Welcome to BizComBuzz, the blog with weekly posts dedicated to providing business communication instructors with useful content to bring right into the classroom!

The Scoop contains short, timely blurbs you can discuss with students and colleagues.

Featured Articles explores issues affecting pedagogy, business communication, and classroom technology in more depth. 

News You Can Use condenses timely business-related news items and provides questions to generate lively classroom discussions.

Classroom Exercises offers case studies and writing technique assignments ready to download.

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Bonus Case Study: Pesky Clutch Problems Plague Harley-Davidson

[Instructors: The following case study can be used for a discussion using the questions below. We also provide a writing assignment (and sample solution) that encourages critical thinking about audience awareness and choosing an organizational strategy for a message.]

Founded in 1903, Milwaukee-based Harley-Davidson Motor Company is an iconic manufacturer of motorcycles with a loyal global following. The company also sells branded merchandise and apparel. Although most recently motorcycle sales have been trending down, Harley-Davidson is financially healthy, with a net income of $114.1 million on revenue of $1.27 billion in 2016.[1]

Manufacturers such as Harley-Davidson must ensure the safety of their products and fix any manufacturing defects. It’s the right thing to do. Customers correctly expect flawless operation of their pricey vehicles, and the organization’s brand reputation is at stake.

Also, consumers today are wielding a lot of power. In a 24/7 news cycle, social media outcries spread fast and carry far. This is why organizations err on the side of caution and issue recalls to repair their products and thus prevent potential injury as well as costly litigation.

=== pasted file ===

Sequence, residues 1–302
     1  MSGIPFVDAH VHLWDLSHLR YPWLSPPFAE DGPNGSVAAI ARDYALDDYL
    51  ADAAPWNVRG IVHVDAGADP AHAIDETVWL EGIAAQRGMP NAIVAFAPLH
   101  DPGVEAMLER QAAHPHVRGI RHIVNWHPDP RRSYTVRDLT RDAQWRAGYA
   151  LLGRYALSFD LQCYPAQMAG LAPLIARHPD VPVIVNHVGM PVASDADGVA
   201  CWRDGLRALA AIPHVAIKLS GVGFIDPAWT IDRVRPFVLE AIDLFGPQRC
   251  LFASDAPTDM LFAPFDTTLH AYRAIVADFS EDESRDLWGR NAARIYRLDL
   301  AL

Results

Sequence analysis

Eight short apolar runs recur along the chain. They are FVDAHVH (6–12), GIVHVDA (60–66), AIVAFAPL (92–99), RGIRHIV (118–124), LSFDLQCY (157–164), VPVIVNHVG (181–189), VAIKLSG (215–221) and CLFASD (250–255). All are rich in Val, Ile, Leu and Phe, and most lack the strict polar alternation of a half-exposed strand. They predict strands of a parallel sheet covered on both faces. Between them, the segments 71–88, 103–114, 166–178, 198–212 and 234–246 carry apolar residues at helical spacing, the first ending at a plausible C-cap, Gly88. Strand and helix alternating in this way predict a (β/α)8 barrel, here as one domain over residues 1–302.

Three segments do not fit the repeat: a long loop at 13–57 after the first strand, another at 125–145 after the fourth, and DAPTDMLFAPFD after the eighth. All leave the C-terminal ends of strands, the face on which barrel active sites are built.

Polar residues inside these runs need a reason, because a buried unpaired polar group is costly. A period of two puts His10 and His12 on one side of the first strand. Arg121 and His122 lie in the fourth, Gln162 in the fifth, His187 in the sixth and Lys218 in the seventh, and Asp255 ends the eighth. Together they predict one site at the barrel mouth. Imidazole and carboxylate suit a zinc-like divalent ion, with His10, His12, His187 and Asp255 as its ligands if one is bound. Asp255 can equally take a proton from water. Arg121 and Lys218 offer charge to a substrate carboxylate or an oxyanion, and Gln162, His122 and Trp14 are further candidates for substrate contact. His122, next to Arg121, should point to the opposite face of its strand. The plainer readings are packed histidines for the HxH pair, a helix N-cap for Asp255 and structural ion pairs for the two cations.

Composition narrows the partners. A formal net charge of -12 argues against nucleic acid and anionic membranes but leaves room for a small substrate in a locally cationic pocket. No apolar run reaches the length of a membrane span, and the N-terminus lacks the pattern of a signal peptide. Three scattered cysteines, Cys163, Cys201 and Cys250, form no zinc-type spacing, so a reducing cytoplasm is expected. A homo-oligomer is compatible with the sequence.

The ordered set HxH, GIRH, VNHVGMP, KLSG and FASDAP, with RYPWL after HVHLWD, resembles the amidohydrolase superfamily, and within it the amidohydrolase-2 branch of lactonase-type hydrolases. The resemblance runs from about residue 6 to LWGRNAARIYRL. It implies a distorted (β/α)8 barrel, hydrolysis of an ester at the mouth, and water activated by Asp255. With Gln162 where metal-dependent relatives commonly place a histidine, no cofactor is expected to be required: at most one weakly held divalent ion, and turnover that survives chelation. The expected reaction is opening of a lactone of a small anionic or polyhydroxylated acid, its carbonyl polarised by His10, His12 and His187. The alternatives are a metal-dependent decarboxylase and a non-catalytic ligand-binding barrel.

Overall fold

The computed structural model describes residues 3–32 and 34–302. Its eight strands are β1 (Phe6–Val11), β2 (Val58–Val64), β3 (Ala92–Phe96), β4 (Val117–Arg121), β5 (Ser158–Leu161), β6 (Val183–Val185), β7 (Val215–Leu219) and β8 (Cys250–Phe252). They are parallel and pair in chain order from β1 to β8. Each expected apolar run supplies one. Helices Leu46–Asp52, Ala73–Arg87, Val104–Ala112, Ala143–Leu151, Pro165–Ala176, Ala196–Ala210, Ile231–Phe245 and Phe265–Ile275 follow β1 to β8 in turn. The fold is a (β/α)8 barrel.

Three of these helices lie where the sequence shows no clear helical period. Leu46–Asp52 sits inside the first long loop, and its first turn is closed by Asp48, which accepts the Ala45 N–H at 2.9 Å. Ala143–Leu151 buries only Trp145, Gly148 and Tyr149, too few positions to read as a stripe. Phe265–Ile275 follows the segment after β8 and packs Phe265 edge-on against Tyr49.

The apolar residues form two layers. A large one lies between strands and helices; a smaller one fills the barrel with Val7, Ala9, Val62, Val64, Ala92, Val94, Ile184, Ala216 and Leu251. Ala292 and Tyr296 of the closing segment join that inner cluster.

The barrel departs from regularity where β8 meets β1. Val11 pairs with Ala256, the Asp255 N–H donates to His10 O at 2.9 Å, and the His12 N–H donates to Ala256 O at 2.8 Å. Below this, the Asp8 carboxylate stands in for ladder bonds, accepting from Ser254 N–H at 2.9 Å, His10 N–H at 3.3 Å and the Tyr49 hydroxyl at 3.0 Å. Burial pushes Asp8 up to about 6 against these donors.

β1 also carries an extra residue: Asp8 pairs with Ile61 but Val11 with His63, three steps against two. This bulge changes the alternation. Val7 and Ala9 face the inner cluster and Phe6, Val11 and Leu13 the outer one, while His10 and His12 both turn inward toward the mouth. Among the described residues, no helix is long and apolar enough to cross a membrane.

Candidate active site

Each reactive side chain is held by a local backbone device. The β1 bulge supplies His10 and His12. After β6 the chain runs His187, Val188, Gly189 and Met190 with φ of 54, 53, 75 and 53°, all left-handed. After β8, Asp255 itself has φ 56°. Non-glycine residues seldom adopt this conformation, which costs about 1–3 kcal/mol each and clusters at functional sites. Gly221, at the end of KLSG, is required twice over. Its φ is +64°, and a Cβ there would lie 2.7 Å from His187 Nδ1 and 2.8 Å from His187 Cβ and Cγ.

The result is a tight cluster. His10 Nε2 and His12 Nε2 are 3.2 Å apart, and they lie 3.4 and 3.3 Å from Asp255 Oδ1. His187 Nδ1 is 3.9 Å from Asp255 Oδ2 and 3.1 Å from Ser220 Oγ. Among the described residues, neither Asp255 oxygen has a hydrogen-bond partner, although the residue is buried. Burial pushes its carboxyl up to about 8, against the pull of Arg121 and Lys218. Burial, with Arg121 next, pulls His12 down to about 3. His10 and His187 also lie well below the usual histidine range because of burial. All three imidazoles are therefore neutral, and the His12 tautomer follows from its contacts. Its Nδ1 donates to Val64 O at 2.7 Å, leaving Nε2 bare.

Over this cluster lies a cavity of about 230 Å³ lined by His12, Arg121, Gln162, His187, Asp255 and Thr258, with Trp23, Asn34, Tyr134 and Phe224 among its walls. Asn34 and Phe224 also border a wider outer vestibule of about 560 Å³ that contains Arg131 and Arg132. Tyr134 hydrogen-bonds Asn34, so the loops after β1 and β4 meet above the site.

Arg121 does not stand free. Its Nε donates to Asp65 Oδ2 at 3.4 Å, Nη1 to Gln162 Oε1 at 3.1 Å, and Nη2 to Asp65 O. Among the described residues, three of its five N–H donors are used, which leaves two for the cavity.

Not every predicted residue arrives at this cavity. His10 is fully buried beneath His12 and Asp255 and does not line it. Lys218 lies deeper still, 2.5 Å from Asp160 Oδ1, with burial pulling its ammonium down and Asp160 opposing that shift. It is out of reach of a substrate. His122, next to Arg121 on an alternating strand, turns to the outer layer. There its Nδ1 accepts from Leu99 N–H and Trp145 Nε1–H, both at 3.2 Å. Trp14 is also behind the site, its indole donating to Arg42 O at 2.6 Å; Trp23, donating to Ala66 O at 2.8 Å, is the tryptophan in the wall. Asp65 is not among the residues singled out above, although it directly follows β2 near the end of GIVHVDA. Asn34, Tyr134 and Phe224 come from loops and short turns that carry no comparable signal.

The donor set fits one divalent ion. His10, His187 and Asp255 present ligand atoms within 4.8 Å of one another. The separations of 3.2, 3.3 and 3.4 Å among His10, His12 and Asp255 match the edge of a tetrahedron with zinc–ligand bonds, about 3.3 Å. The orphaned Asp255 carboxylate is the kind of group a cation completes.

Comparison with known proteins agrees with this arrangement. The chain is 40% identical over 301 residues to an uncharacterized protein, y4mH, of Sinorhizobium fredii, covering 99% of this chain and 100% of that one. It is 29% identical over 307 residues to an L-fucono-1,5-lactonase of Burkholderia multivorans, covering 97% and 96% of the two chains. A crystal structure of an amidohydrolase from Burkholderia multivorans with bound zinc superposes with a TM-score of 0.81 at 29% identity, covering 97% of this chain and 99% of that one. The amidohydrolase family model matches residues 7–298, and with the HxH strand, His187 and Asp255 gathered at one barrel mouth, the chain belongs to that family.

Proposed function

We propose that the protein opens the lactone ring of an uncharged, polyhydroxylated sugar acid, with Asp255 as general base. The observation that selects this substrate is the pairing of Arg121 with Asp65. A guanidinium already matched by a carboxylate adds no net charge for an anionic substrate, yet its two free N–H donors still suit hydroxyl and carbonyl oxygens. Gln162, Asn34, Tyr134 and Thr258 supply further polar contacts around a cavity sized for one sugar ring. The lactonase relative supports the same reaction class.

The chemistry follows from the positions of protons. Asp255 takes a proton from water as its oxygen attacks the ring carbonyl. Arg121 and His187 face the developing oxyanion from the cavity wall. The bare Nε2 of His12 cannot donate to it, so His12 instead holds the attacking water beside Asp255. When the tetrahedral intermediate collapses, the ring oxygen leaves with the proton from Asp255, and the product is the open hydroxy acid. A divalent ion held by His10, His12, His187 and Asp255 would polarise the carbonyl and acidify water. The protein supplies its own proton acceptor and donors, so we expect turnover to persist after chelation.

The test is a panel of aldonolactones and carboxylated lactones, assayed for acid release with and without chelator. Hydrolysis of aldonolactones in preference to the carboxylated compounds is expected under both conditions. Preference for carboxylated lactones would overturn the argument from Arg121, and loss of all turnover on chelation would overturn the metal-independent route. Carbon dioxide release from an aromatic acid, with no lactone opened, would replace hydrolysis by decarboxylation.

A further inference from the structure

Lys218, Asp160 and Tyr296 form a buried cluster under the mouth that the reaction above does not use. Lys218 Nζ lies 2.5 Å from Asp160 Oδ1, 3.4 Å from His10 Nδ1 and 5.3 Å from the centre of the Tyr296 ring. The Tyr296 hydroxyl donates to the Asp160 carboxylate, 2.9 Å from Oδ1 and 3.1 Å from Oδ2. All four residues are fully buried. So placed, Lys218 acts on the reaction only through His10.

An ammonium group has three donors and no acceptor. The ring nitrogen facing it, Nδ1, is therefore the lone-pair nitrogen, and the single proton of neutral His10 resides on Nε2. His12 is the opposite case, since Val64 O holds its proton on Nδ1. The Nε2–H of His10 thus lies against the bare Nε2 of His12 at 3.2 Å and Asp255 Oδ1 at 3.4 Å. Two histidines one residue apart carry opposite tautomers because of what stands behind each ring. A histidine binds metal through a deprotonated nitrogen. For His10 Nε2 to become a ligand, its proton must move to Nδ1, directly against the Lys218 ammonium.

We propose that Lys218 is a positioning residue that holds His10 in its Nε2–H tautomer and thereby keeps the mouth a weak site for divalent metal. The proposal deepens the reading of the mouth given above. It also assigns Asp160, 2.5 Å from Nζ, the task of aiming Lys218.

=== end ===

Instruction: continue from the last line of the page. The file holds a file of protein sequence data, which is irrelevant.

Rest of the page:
What? Another Recall?

Owners of certain 2015-2016 HD models have had problems with the hydraulic clutch right after purchasing their bikes. The company then quickly issued a voluntary recall to correct the problem.

However, the hydraulic clutch engagement system keeps causing trouble. This time Harley-Davidson did not recall its vehicles, but it did decide to offer a free inspection by an authorized HD dealer, and, more important, to extend the factory limited warranty on the hydraulic clutch engagement system for five years. This warranty stays with the bike even if it is sold. The company wrote a letter to the owners of the affected motorcycles asking them to visit their authorized dealer to address the lingering problem.

Let’s Talk Strategy

[If you share the scenario with students, remove this discussion and address strategy in class.]

Is this a straightforward bad-news message? Does the pain the negative news might cause suggest the writer use a buffer and an indirect approach? The answer: This scenario requires tact but the approach should be direct. Despite the clutch problems, the audience is loyal to the brand. The writer has something to offer that is likely to offset any negative feelings. The goal is to prompt the reader to take action and bring the bike in for an inspection. A secondary goal is to maintain the customers’ goodwill.

Critical Thinking Questions

  1. Why did Harley-Davidson choose to write a letter to the owners of the affected motorcycles?
    Manufacturers know that most people take a letter on paper in their mailbox more seriously than e-mail. An e-mail message might be mistaken for promotion and overlooked in a busy inbox. A letter is tailored to reach its target audience. Because the defect doesn’t rise to the level of a recall, the company doesn’t need to make a public disclosure, risking negative publicity and perceptions of slipping quality.